When will the next pandemic appear? How can we create sustainable energy? Can we build intelligent robots? All of the big societal questions require collaboration between researchers across multiple disciplines. Interdisciplinary research is something that is increasingly encouraged and embraced.

But scientific disciplines are not rigid, well-defined entities. They are fluid and context-dependent. They are made up of interactions between academics in workplaces and conferences, via papers, presentations and informal conversations. They emerge as conventions from accumulated individual and collective behaviours. Various classifications exist, but these struggle to keep up with the changing research landscape.

To better understand how individual disciplines evolve, we recently developed a new (interdisciplinary!) methodology, published in Humanities and Social Sciences Communications, which draws on techniques from computational linguistics and natural language processing (particularly algorithms that help us to determine how words change their meaning over time).

The idea behind our linguistic line of research is that we can divide a corpus of texts into separate portions corresponding to different time periods (months, years, decades or centuries). We can then trace the evolution of a word’s meaning across the time periods by analysing how its context changes (we do this by building geometric representations of words, called word embeddings, from the data). For example, we can identify the evolution of the word ‘tweet’ to mean both ‘a message posted on Twitter’ and ‘a sound made by a small bird’.

We applied this approach to scientific disciplines, analysing the discipline labels attached to over 21 million scientific articles published in 8,400 academic journals between 1990 and 2019 (this data all came from the Dimensions database). By creating geometric representations of these labels from the data and measuring the closeness between them, we tracked their development over time, detecting those that had changed the most.

For example, computer hardware, a foundational part of the broader computer science field, has drifted closer to other computational disciplines over time, and away from specific application areas. In 1990-1992, the most similar disciplines to computer hardware (its ‘neighbours’) were in the biological sciences (plant biology, physiology, zoology, genetics and horticultural production), which points to a focus on biology-specific applications. If we fast-forward to 2017-2019, we find that its neighbours are more computational disciplines (distributed computing, computer software, data format, information systems, and computation theory and mathematics).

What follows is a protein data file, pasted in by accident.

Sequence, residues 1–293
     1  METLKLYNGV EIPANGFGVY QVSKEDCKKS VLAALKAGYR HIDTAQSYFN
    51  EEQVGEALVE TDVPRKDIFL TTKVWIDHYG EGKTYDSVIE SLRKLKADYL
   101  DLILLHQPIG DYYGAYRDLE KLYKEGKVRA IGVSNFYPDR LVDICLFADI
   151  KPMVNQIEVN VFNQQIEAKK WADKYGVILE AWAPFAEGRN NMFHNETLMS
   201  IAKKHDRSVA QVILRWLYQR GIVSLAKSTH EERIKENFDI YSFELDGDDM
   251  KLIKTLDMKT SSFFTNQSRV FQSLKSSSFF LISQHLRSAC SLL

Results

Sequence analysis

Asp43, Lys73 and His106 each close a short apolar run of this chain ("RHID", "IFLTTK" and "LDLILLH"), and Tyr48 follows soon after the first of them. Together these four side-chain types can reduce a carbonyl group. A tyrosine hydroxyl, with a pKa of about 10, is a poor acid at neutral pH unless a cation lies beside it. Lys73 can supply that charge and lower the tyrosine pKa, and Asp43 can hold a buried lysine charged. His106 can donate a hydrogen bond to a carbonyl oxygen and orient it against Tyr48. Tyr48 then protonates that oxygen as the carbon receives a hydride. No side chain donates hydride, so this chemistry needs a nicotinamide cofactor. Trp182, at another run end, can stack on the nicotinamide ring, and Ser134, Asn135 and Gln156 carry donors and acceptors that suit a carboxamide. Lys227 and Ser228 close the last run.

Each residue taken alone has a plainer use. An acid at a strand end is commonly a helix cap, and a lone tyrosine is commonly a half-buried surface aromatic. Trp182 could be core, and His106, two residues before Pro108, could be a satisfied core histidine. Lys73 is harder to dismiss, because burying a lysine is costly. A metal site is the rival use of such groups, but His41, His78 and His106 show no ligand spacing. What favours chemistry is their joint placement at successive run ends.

The profile of communication and media studies has also changed significantly. In 1990-1992, its neighbours were medical biotechnology, physiology, building, veterinary sciences, and transportation and freight services. These neighbours fit well with the early focus of communication studies on health and risk management communication. From around 2002-2004, communication and media studies began to surround itself with neighbours including journalism and professional writing, religion and religious studies, and anthropology. This is compatible with the development of communication studies from a focus on applications towards a more theoretically informed field that studies multiple aspects of communication.

Our research demonstrates how scientific disciplines are always in flux. Analysing the evolution of disciplines and their relationships can help us to better understand the broader research landscape of academics, research organisations, and funders. In academic publishing, our techniques could be used, for example, to help decide the scope and profile of new journal launches so that they best capture current disciplinary trends. Our work is also relevant to those who produce and use research strategies and policies, such as funding agencies and university research strategy offices.

In the future, we plan to study the development of a larger number of disciplines to see if we can find confirmation of known shifts in discipline profiles, and even discover unknown ones. We’ll also be looking into the broader trends that our work has started to reveal.

As we tackle the big societal problems, different disciplines are going to need to work together more efficiently and effectively. A clearer picture of the research landscape can only help with this endeavour.

Read the paper:
Investigating patterns of change, stability, and interaction among scientific disciplines using embeddings


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